Volume 15 Supplement 1

## Abstracts from the Twenty Third Annual Computational Neuroscience Meeting: CNS*2014

- Poster presentation
- Open Access

# Neural spike prediction based on spreading activation

- Tielin Zhang
^{1, 2}, - Yi Zeng
^{1}Email author and - Bo Xu
^{1}

**15 (Suppl 1)**:P7

https://doi.org/10.1186/1471-2202-15-S1-P7

© Zhang et al; licensee BioMed Central Ltd. 2014

**Published:**21 July 2014

## Keywords

- Post Synaptic Neuron
- Spreading Activation
- Neural Network Structure
- Pyramidal Cell Layer
- Post Synaptic Potential

For each neuron in a neural network, its behavior does not only be decided by its own property, but also very relevant to its contexts (e.g. other neurons in the same network). Hence, effective prediction of neural spike activities in a network context requires at least the following three major efforts: (1) Response prediction of a single neuron towards a stimulus, (2) Obtaining the detailed network structure, with synapse information among neurons, (3) Modeling signal transmission based on the neural network.

For the first effort (e.g. single neuron response modeling towards a stimulus), many models can be applied, and in this study, we adopt the Poisson spike generator to construct the model [1]. This model receives a stimulus, and generates a response (a Boolean value on output a spike or not) through three processing steps, namely, linear filtering, static nonlinearity, and spike generation judgment [1]. For the second effort (neural network structure construction), the network structure is typically based on brain slicing and reconstruction with nanoscale imaging. Neural pathway prediction methods can also be used to generate the structure of the neural network.

As for the third effort, the modeling of the signal transmission process is designed to be based on the first two efforts. In addition, the followings should be considered in the modeling process: (1) when reaching the soma, the voltages will be reduced during the signal transmission process from synapses. (2) The voltage at the soma is sometimes a collective contribution from multiple neurons. Based on these two considerations, we propose to model the signal transmission process and predict possible neural spikes based on the spreading activation theory [2].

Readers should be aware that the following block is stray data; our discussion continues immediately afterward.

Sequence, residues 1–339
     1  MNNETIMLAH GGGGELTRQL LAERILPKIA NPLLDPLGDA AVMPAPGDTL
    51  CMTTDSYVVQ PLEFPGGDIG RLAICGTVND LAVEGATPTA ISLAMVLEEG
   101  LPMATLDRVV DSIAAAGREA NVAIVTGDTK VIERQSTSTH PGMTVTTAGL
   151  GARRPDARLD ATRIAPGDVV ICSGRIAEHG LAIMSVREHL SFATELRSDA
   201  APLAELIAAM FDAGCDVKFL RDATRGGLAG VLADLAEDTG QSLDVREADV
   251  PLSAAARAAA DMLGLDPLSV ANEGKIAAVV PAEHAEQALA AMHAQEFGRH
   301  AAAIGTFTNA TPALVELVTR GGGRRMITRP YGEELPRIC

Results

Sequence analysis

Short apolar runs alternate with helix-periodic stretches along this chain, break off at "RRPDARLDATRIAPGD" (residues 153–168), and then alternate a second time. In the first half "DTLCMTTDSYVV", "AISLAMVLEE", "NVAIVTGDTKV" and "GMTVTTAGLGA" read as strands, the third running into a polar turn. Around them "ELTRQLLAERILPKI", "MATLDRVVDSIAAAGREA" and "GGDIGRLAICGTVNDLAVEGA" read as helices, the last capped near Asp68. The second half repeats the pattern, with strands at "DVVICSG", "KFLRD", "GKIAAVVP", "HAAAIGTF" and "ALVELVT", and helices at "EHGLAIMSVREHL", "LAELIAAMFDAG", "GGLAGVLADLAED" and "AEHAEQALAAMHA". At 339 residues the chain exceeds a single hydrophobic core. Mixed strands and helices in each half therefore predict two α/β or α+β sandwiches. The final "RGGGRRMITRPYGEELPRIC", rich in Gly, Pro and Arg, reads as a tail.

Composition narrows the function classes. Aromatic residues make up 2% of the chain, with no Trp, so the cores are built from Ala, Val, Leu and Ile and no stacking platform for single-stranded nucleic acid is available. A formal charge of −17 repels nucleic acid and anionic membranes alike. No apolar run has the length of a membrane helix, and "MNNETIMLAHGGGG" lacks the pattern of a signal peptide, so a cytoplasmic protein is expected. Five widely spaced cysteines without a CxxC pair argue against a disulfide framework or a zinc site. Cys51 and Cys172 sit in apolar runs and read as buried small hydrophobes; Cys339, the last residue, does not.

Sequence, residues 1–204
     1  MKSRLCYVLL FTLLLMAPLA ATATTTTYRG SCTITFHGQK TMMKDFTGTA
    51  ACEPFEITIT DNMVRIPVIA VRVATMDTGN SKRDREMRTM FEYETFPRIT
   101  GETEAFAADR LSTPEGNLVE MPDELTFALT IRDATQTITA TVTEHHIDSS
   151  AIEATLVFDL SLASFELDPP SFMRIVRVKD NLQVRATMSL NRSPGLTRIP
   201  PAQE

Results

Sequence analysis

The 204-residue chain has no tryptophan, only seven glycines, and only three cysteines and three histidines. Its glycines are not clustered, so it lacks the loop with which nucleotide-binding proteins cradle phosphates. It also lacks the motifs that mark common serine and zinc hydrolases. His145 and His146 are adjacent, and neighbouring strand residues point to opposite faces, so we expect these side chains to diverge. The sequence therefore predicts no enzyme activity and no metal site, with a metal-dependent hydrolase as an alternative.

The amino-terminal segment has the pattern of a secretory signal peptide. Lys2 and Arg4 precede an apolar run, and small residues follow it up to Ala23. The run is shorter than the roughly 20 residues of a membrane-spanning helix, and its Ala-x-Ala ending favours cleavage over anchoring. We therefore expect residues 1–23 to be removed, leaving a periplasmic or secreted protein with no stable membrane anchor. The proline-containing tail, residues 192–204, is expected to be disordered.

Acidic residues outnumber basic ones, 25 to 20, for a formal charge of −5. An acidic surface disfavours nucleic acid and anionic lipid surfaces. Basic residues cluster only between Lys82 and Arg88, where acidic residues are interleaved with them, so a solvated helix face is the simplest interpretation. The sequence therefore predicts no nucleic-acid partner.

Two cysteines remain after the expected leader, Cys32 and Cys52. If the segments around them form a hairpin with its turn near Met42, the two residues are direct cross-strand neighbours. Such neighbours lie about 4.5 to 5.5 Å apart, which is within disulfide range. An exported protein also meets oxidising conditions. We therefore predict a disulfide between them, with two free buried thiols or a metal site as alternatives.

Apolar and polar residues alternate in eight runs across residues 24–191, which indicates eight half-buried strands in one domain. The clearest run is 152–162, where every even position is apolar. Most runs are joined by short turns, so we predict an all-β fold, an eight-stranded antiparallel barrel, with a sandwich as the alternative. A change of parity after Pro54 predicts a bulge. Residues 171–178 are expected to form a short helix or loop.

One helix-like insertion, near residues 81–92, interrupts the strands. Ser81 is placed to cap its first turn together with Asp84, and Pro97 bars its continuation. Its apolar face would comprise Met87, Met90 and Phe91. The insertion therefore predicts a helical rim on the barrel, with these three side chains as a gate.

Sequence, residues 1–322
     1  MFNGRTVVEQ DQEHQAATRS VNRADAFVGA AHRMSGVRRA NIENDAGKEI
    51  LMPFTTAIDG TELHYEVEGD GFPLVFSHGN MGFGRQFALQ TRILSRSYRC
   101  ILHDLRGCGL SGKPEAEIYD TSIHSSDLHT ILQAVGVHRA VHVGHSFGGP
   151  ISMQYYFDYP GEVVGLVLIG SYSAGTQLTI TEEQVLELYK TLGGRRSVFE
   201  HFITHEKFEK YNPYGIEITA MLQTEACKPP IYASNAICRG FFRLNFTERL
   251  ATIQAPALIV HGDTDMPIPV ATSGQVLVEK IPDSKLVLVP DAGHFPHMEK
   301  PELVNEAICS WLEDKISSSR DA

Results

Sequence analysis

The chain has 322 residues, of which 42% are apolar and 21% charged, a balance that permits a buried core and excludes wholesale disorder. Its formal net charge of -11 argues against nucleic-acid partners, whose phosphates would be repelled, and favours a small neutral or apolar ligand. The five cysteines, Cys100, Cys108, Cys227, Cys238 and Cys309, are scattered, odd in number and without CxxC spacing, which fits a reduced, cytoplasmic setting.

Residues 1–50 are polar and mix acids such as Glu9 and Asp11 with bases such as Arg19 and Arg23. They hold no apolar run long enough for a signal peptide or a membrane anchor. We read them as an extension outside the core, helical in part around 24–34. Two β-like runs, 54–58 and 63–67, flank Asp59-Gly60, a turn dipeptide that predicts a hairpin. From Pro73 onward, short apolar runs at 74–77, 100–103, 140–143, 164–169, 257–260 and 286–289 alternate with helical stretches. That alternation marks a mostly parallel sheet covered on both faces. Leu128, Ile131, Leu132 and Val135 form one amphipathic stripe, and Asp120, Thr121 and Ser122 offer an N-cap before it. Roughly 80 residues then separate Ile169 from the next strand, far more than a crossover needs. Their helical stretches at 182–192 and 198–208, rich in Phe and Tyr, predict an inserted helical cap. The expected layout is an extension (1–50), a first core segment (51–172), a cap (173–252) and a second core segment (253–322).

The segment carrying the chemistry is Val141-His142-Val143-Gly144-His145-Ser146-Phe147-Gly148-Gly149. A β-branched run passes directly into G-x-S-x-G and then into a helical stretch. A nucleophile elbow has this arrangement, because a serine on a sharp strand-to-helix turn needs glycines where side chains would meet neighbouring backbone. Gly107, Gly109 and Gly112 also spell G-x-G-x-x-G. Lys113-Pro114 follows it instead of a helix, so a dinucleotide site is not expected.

Assume a specific neuron (denoted as *n1*) is connected with *N* neurons in the network and its action potential is *V*, the post synaptic neurons of *n1* receive transmitted signals from *n1*. When one synaptic transmission is done and the signal reaches the post synaptic soma, its contribution to this soma is around 5mv [3]. The overall contribution to the voltage of the soma is represented as *P*=*N*5mv*, which is obtained by summing up all the contribution from each of the post synaptic potential, while P is used as the stimulus to generate next action potentials. Each of the potential *P* for the *N* neurons that connects to a specific neuron can be obtained through the upper calculation process. Having the structure of the neural network, we predict the neuron which owns the largest value of P will generate a spike.

As a comparative study, we introduce two alternative strategies, namely the shortest distance strategy (the neuron which owns the shortest distance compared to other post synaptic neurons will be fired), and the synapse based random selection strategy (randomly select a neuron from the set of post synaptic neurons). As shown in Figure 1, the spreading activation strategy outperforms other two strategies and the average prediction accuracy on 8 datasets is around 13.2% (the average prediction accuracy for shortest distance strategy is 3.8%, while the synapse based random selection strategy is 5.0%). The validation shows that the proposed spreading activation strategy is potentially effective for predicting neural spikes in the neural network.

## Authors’ Affiliations

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## Copyright

This article is published under license to BioMed Central Ltd. This is an Open Access article distributed under the terms of the Creative Commons Attribution License (http://creativecommons.org/licenses/by/4.0), which permits unrestricted use, distribution, and reproduction in any medium, provided the original work is properly cited. The Creative Commons Public Domain Dedication waiver (http://creativecommons.org/publicdomain/zero/1.0/) applies to the data made available in this article, unless otherwise stated.